WASHINGTON — Your kids may finally have to put their phone down after a bipartisan group of senators introduced legislation to set age restrictions on social media.
The lawmakers introduced a bill Wednesday that bans children younger than 13 from using social media platforms and requires parental consent for those between the ages of 13 and 17.
The move is among the first major bipartisan effort in Congress to restrict platforms for children and comes after lawmakers have recently pushed to make online platforms safer for children, including efforts to ban TikTok and regulate Instagram.
However, parents told USA TODAY they are skeptical of the legislation and whether it would be effective in addressing the rapidly emerging concerns over minors’ use of social media.
“I appreciate a bipartisan effort around this. And I do think it’s important to start building coalitions,” said Samuel Chapman, a 58-year-old California parent whose 16-year-old son died from fentanyl-laced drugs purchased through Snapchat in 2021. “I just don’t see it as the solution.”
Most social media companies already prohibit users under 13 because of the Children's Online Privacy Protection Act, otherwise known as COPPA. However, it's not strictly enforced.
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Chapman and his wife, OWN TV host Dr. Laura Berman, have been large proponents of social media legislation following the death of their son, including advocating for parental monitoring technology on such applications.
Chapman and Berman have advocated for Sammy’s Law – legislation named for their son – which would require major social media companies to allow parents to track their children through third-party monitoring software.
“I’m all for parental permission. I don’t know if codifying will make it happen because everything that’s been put in place by these platforms and by our legislators thus far any 12-year-old has been able to get around,” Chapman added.
Chris Kunkle, whose children are 10, 15 and 17, voiced similar concerns while also taking issue with lawmakers’ reasoning for the legislation.
“I think they’re using social media as a scapegoat. The mental health crisis – there's a lot of factors that go into it,” Kunkle said.
“Yes, social media has shone a light on that for some of these kids, but I don’t think just blocking or making social media more difficult for children is really going to have any effect on the problem with mental health that we have," the 39-year-old father of three added.
Sens. Brian Schatz, D-Hawaii, Tom Cotton, R-Ark., Chris Murphy, D-Conn., and Katie Britt, R-Ala, introduced the Protecting Kids on Social Media Act aimed to protect children from the harmful effects of social media, emphasizing its impact on mental health.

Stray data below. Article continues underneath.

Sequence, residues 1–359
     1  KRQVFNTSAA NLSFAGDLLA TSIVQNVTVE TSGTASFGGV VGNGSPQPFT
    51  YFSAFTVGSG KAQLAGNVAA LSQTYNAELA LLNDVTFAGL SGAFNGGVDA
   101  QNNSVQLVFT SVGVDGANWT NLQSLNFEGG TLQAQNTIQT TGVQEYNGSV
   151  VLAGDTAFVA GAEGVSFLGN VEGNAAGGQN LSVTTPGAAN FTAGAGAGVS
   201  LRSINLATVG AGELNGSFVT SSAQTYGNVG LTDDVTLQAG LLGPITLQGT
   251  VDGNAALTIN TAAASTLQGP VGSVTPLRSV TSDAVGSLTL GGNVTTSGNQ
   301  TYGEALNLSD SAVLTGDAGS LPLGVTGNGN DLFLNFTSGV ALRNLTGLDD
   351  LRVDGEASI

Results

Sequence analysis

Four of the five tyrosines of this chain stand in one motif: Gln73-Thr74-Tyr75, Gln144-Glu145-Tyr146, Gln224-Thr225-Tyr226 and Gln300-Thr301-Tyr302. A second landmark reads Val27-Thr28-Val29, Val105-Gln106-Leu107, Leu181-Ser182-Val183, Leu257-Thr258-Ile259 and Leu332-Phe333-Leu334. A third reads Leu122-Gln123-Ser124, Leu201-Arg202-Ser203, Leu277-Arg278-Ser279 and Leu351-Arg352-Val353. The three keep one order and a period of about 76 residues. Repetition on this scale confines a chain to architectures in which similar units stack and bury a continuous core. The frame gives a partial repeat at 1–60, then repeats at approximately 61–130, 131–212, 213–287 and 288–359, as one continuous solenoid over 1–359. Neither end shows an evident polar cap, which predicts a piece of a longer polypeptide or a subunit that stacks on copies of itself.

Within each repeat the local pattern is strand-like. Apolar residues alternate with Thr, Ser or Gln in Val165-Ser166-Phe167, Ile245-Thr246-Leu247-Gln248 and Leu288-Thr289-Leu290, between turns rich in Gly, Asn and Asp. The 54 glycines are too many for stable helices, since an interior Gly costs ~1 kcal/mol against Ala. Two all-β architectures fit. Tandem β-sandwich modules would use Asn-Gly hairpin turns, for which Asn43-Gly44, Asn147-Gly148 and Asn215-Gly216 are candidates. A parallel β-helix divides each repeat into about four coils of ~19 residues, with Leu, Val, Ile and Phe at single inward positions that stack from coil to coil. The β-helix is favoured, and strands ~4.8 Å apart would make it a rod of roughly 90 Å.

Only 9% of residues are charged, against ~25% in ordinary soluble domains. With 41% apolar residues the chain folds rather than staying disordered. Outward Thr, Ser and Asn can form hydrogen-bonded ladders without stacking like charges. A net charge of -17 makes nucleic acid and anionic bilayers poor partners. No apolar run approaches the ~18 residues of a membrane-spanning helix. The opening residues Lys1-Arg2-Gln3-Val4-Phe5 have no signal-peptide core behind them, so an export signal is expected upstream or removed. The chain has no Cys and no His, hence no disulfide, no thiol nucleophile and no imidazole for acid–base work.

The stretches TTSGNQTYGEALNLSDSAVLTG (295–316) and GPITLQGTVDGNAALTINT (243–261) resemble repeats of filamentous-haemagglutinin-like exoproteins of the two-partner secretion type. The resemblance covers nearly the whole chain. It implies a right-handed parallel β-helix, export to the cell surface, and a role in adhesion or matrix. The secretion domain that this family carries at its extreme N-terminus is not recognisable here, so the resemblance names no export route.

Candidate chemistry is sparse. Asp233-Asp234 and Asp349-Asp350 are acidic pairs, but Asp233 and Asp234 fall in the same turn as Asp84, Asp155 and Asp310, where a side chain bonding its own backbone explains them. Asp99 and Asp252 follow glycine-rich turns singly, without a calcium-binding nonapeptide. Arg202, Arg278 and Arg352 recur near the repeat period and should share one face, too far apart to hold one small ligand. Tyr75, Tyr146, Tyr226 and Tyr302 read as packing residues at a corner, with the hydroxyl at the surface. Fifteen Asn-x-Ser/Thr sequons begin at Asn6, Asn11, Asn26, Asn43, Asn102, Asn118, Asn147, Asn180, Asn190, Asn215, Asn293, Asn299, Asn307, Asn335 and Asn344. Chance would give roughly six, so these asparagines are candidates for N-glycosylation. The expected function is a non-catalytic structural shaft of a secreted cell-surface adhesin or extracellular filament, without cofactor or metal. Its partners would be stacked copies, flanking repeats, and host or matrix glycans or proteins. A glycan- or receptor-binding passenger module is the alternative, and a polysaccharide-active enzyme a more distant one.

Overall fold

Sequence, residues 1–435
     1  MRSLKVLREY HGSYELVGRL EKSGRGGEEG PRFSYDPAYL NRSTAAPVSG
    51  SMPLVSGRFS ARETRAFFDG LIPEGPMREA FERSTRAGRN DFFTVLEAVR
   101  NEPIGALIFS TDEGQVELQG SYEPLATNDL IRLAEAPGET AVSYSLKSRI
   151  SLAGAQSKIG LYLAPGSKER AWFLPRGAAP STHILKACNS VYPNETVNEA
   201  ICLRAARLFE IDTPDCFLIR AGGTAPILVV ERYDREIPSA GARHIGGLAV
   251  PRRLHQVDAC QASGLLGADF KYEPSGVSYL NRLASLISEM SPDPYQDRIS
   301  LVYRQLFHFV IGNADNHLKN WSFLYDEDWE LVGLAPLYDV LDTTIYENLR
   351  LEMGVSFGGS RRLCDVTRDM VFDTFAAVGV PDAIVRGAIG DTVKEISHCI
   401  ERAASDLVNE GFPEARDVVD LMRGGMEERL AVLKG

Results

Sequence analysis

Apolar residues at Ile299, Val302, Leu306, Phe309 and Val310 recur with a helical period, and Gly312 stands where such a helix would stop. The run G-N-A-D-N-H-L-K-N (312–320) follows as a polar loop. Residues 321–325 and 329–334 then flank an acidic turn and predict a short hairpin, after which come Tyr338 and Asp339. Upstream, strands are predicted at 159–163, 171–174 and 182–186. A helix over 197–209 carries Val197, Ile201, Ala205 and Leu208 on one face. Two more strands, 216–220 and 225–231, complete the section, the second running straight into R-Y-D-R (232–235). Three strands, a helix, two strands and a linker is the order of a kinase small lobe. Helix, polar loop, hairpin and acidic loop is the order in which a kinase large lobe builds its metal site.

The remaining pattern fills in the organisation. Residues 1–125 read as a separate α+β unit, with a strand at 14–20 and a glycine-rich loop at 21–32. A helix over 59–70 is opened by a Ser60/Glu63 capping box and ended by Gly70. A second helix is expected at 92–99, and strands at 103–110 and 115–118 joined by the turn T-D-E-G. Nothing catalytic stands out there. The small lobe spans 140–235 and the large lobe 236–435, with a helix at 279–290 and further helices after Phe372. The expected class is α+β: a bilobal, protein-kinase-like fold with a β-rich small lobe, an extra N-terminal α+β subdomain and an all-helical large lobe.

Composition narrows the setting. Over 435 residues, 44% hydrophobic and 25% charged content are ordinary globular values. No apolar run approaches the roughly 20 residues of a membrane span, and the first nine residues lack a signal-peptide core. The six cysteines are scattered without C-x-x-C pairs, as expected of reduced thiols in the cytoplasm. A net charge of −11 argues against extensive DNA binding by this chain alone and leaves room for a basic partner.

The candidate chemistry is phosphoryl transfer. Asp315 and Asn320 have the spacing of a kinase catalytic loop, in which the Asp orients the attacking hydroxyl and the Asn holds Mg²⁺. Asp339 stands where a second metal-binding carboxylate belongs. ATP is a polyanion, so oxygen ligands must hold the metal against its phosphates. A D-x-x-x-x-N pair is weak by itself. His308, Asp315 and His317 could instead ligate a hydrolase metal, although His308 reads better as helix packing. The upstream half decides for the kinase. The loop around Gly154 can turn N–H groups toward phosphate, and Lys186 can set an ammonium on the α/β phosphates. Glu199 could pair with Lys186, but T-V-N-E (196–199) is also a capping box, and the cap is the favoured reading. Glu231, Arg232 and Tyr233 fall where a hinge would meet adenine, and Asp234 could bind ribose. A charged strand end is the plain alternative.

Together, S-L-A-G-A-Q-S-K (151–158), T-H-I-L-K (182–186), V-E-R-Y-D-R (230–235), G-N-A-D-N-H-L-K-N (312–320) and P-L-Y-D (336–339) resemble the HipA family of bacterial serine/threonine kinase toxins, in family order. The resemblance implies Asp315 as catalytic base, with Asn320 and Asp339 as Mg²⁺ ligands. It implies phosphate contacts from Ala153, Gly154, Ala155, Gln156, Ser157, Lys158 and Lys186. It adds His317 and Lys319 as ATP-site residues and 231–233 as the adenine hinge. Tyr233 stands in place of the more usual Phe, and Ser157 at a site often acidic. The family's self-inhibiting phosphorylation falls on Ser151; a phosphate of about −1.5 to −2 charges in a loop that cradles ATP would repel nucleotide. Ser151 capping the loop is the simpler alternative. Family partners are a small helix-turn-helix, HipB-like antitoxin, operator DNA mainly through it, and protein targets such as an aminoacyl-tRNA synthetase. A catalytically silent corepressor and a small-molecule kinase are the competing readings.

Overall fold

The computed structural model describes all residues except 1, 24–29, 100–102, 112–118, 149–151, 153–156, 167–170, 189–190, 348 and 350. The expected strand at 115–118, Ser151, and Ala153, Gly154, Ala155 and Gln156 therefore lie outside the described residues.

The senators laid blame directly on social media for the growing mental health crisis, noting that the Centers for Disease Control and Prevention’s 2021 Youth Risk Behavior found poor mental health and suicidal thoughts and behaviors increased across nearly all groups of youth.
“For too long big tech has exposed our kids to dangerous content and disturbed people. Moms and Dads have felt helpless while their kids suffered, sometimes leading to devastating tragedies,” Cotton said during the press conference introducing the legislation.
“This bill is a giant step towards fixing that problem. It puts parents back in control and sends an important message: Social media companies have a duty to help keep kids safe and parents informed or face serious consequences,” he added.
In addition to restricting children under 13 from social media and requiring parental consent for those between the ages of 13 and 17, the proposed legislation, according to the bill text, also includes:
- Restricting social media companies from using algorithms to recommend content to minors.
- Requiring platforms to use “rigorous” age verification measures but prohibiting social media companies from using the information for other purposes.
- The creation of a pilot program for a government-established age verification system companies can choose to use.
- Providing the Federal Trade Commission and state attorneys general the authority to enforce the measures of the proposed legislation.
“By instituting these simple, straight forward guidelines we’ll be able to give the next generation of children what every parent wants for their child, which is a chance to grow up happy and healthy,” Schatz said Wednesday.
The legislation is not the first targeting children who use social media platforms.
Republican Sen. Josh Hawley of Missouri introduced a bill in February – the Making Age-Verification Technology Uniform, Robust, and Effective (MATURE) Act – to require social media platforms to verify that users are at least 16 years old before allowing them onto the platform.
Under Hawley’s bill, individuals would have to provide the platform with their full legal name, date of birth and a scan, image or upload of a form of government-issued identification, which would verify a user’s name and birthday
Hawley also introduced the Federal Social Media Act, a bill that would commission a report to study the impact of social media on users’ mental and physical health of those under the age of 18.
The Missouri lawmaker also led the effort to fast-track a national TikTok ban, before being blocked by Sen. Rand Paul, R-Ky., who said such a ban would violate the First Amendment.
Contributing: Rachel Looker